Astronomy

Becoming an Astronaut



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TO BECOME AN ASTRONAUT

You gotta want it soooooooooo bad. That's the first thing. Then you gotta learn stuff, lotsa stuff. I mean you can't learn just any stuff, you gotta learn math, and science, and you gotta play fair, but not too fair. You absolutely can't get caught not playing fair. Still, you gotta be willing to stack the deck.

Eating your vegetables is good training for being an astronaut. Avoiding junk food would be a step in the right direction, although I love the freeze-dried ice cream you can get at the NASA store. I wonder if any astronauts snuck junk food aboard a flight. I would have, which is probably the main reason I am not an astronaut; at least not right now.

Astronauts have to be in shape and have to be at least so tall and not too tall. Some of the training probably deals with stretching people or amputation, but that isn't talked about very much. I think Neil Armstrong was shorter, but got stretched. I think they did it using Einstein's math, but possibly not.

You don't have to go through handsome or beautiful school to be an astronaut, but you have to be clean. Being clean makes the other astronauts want to be with you. Too much close living in a tin can can really lead to disagreements if some one is not clean enough.

Now I am just telling it like I see it. There's probably a couple of things I am missing, but generally all the things I've mentioned helps you get selected to be an astronaut. For sure! You also have to be an A personality, trained by NASA, which means you don't have to be an American, just trained by America's space program gurus. Even if you end up in space and you got there riding on a Russian missile, you're still an astronaut, because, that's right, NASA trained you. Otherwise you are probably a cosmonaut. This means the other guys trained you; unless you are trained in China, then you are something else.

Let's get down to a couple of specifics regarding the astronaut selection process. One thing is you have to have "The Right Stuff". I think that means you have to be kind of wild and adventurous, maybe drink some, be willing to fly hurt (but never tell anyone), have a cool car, and it is really going to help if you know how to fly jets. I am not sure why the last thing is so important, since the rocket or shuttle seems to do all the work, but it is a cool thing to be able to fly, so I think NASA likes it if you can.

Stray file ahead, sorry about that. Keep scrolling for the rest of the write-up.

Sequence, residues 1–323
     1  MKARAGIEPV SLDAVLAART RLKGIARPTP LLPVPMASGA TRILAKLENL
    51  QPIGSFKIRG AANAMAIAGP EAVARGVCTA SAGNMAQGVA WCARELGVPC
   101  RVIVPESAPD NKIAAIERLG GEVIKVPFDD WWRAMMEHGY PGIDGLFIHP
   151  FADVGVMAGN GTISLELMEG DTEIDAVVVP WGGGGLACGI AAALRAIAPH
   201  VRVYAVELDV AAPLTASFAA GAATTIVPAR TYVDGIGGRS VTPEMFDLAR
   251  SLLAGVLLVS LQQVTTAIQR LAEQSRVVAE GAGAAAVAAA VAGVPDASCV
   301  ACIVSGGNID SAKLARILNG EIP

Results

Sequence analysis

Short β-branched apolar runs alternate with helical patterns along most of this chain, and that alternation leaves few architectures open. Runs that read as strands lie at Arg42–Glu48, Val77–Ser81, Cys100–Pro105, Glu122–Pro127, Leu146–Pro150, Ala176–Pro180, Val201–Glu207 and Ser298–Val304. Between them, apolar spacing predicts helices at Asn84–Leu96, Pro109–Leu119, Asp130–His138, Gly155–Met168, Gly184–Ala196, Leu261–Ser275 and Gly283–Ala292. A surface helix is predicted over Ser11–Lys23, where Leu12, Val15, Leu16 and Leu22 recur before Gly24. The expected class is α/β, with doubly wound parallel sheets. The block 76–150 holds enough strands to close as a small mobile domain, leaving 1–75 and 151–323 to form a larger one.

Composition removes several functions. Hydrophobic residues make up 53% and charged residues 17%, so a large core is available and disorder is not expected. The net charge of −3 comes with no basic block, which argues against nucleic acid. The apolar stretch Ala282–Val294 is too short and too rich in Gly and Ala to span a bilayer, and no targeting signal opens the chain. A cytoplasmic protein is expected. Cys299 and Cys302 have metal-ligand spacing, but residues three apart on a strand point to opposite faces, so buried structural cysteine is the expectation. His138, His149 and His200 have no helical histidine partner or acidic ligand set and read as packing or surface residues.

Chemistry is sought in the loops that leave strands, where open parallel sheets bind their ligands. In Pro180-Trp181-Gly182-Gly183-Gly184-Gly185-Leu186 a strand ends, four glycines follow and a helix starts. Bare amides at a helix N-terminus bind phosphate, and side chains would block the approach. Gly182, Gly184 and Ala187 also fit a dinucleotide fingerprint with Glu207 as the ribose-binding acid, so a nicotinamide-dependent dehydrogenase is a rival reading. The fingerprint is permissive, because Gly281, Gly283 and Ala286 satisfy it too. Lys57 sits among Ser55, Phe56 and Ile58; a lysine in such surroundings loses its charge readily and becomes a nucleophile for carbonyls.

Or, you can take the other route and be a scientist. It is probably in your favor if you are like two or three kinds of scientists all wrapped into one. Knowing engineering and microbiology would work. Being a journalist with a mean backhand would not. I think being able to play Texas Holdum has become a requisite too. It used to be chess, but that went out with the shuttle program - or so I am told by, you got it - "reliable sources."

You have to learn how to speak NASA, which means always being positive. If asked about a crash, you gotta say something like, "We are grateful to those who came before us. Their commitment (read dying) has advanced the parameters of the space program greatly." Now, if you say that, you are really going into space - and soon.

What all this means is that if you want to be an astronaut, you should probably get your head examined. Strapped to a ka-zillion gallons of rocket fuel in a flimsy can at the top of a million pounds of thrust soon to be moving at 17,000 plus miles an hour, just so you can experience more weight on your face that the world's heaviest man sitting on you is left of insane on the Jay Leno scale of wacky. For my money, I think I would watch Apollo 13 a few more times before deciding to be "selected" to be an astronaut.

If I did try to become an astronaut, and washed out of the program, I could be assured that I could become many other things: a sparing partner for a Brahma bull, a flag in the middle of a downhill ski slope, perhaps even the guy filming shark attacks in the middle of the ocean.

There's lots to be said about being an astronaut. I think I've said most of the important stuff here. Thank you.

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